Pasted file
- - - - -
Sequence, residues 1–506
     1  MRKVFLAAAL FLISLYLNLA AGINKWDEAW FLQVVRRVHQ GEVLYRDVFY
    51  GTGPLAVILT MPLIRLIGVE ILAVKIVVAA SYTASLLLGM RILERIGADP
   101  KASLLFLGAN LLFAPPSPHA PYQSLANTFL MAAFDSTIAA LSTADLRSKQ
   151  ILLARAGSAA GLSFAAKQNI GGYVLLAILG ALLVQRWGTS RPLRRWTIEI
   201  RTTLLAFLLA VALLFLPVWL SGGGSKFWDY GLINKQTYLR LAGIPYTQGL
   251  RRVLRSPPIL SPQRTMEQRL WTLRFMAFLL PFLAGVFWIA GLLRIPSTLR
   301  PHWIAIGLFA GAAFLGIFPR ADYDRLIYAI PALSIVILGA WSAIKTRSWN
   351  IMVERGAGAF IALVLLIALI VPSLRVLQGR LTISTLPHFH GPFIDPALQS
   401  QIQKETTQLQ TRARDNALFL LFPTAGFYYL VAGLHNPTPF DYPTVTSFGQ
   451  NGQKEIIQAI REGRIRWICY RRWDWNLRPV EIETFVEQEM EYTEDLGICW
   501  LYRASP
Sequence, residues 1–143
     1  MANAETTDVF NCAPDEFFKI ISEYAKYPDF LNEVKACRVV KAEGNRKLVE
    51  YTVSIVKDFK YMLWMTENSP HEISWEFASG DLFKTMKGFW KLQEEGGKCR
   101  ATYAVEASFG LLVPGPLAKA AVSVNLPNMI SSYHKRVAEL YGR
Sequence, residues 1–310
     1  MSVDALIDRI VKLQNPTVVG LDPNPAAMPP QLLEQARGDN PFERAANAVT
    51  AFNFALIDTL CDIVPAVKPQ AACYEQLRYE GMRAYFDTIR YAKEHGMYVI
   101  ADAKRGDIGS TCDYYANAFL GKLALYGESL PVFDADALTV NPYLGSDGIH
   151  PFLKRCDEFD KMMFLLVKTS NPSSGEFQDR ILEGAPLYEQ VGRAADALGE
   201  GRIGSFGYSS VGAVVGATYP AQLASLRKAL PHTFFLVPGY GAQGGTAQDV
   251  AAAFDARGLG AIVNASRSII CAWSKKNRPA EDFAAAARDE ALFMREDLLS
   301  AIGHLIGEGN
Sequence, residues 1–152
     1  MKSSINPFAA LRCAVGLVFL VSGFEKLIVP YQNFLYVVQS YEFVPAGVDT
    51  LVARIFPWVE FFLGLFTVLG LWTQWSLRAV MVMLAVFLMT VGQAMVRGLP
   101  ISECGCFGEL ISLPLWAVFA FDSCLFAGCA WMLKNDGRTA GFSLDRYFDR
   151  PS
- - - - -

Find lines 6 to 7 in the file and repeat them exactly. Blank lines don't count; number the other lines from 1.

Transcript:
   201  RTTLLAFLLA VALLFLPVWL SGGGSKFWDY GLINKQTYLR LAGIPYTQGL
   251  RRVLRSPPIL SPQRTMEQRL WTLRFMAFLL PFLAGVFWIA GLLRIPSTLR